SCHENECTADY — Alfredo Smalls cradled his friend Rashad Robinson before he bled to death after being shot outside of a Mont Pleasant bar in 2011.
That was the beginning of his decision to shun the gang lifestyle.
But the trauma remains.
Ultimately, he attended 28 funerals in 36 months.
“I’m not healed,” said Smalls, co-founder of Save our Streets, the Schenectady-based community empowerment group.
As the city convulses under a recent spasm of gun violence — five people were shot last weekend, while three have been slain by gunfire in two months — a handful of gang members-turned-mentors shared their stories Tuesday in a plea for peace.
“Instead of asking for a seat at the table, we’re creating our own table,” said William Rivas, co-founder of Save Our Streets. The event was organized by 518 Talks.
Representatives from Nationally Touching Greatness and Band of Brothers also gathered at Jerry Burrell Park on Tuesday evening, just steps away from where someone was injured by gunfire on Schenectady Street last weekend.
Each spoke of the allure of getting pulled into the streets, a key factor being the lack of strong male role models.
Smalls’ mother moved the family from Brooklyn to Schenectady, where Alfredo had never seen the sheer amount of open space. But it wasn’t enough to escape getting sucked into violence.
Phyllis Smalls, his mother, asked what more she could have done.
“Honestly, there was nothing you could have done,” he said. “The absence came from the males.”
Ali Walker recounted a similar trajectory. With a single mom working two jobs, four siblings and a father nowhere to be found, he longed for male mentorship.
Sports provided a temporary diversion.
“When I looked into those bleachers, I didn’t see anyone there for me,” Walker said.
By 14, he was making bad decisions.
Shaquan Page said he had poor coping mechanisms, and developed what he referred to as an “f-the-world” attitude.
“I was in accelerated classes, but at the same time, I was the baddest kid in school,” he said.
And while he hated drugs growing up because his mother was an addict, Page gravitated toward the local drug dealer because he had the most money in the neighborhood.
Page was in prison by 16 and served 12 years on robbery and burglary charges.
While there, he engaged down a path of self-improvement.
“These kids need people to talk to,” Page said.
Panelists didn’t make excuses for their actions — several served stints in state prison — but rather wanted to present an unvarnished portrait of the streets to attendees, including city Police Chief Eric Clifford and City Council members Carmel Patrick and Karen Zaleski-Wildzunas, in order to better inform their policy making.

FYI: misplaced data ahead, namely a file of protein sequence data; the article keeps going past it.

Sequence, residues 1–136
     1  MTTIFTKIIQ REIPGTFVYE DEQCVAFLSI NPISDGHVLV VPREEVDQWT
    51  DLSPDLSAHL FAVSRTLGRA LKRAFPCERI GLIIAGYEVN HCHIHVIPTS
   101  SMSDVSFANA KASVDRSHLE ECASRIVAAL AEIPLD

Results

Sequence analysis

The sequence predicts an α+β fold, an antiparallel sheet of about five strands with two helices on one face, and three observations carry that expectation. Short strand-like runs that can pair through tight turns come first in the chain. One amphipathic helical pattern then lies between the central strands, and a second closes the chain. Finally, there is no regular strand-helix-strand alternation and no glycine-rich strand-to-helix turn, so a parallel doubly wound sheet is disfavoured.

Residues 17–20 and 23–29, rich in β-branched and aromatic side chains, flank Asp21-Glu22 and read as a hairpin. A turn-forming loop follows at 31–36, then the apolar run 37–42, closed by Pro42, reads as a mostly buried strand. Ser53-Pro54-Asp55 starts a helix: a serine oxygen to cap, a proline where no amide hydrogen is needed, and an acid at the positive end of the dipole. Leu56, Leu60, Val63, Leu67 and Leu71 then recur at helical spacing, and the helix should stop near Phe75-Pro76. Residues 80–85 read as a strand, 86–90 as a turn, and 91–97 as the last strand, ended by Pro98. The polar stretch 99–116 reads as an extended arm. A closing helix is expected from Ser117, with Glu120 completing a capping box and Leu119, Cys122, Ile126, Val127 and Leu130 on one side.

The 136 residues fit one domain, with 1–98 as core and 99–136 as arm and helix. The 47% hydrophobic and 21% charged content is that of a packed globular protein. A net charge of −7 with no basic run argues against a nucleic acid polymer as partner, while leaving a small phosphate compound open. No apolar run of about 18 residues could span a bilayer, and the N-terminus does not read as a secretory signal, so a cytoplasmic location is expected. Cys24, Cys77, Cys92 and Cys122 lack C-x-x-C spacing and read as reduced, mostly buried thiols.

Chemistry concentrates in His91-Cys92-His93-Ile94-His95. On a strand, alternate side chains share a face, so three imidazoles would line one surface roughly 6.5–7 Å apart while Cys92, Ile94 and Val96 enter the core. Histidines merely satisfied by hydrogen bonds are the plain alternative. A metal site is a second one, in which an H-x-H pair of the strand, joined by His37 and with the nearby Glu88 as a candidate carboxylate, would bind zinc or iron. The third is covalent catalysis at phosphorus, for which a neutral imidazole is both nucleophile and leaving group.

“The people making the decisions don’t know this,” Rivas said.
The rise in gun violence comes amid a national reckoning on racial discrimination and as the city continues to grapple with the fallout of a violent encounter between a Schenectady police officer and suspect.
Rivas offered the crowd of roughly three dozen attendees a chance to ask questions, but mainly wanted the speakers to share their stories.
Marva Isaacs pointed at the shooting last weekend near her Duane Avenue home and contrasted the rash of gunfire with sustained activism in the Capital Region calling for police reforms following the death of George Floyd in Minneapolis on May 25.
“All lives matter,” Isaacs said.
Page responded, “They need to be reminded Black Lives Matter themselves … everything starts with self.”
Asked what’s lacking in the community, Page circled back to the lack of strong role models.
“They need a viable, consistent source of morality,” he said, calling for more discipline: Physical. Spiritual. Emotional.
“The community as a whole needs to be a family,” Smalls said.
Each panelist had different reasons for their own personal evolution.
Delvern Cooper, founder of Nationally Touching Greatness, was tired of being incarcerated.
Walker lost his mother, and was unable to be with her when she died.
Smalls said he was about to “do something bad,” but Rivas gave him a job at the Altamount Program, where he now works as a case manager.
The panel also addressed a group of youngsters, who lined up on picnic tables as the mentors gave them a dose of straight talk.
“Be a leader, not a follower,” Cooper said.
Rivas said the kids weren’t much younger than when the speakers had flocked to the gang lifestyle.
“You guys are kids and we want you to remain innocent,” Rivas said.
Smalls said, “I was doing the same things I told you not to do. I shot someone, and I went to jail for that.”
Walker, co-founder of the Albany-based Band of Brothers, says youth mentoring would have inevitably steered him down an alternative path.
“I was getting in trouble because I had nothing to do,” he said. “The fun things were the wrong things to do.”
Clifford attended the event with five officers and said his primary goal was to listen.
“It was very meaningful,” Clifford said. “We never get to hear stories like this.”
While panelists have eschewed the gang lifestyle, several remain gang-affiliated, a measure important to retain credibility with kids, said Smalls, who is affiliated with the Crips.
“A lot of young kids only listen to kids in these gangs,” Smalls said.
On the origin of gangs: “It was always about making sure our community stays intact,” he said, “and somewhere along the line, we lost that.”
Page said gangs need to pivot back and reinforce their original message, and wield their powers for good.
“The structure of gangs is to fight against oppression,” he said.
Cooper, who is affiliated with Nine Trey, roundly denounced gun violence.
“The increase in gun violence is not acceptable in our communities,” he said.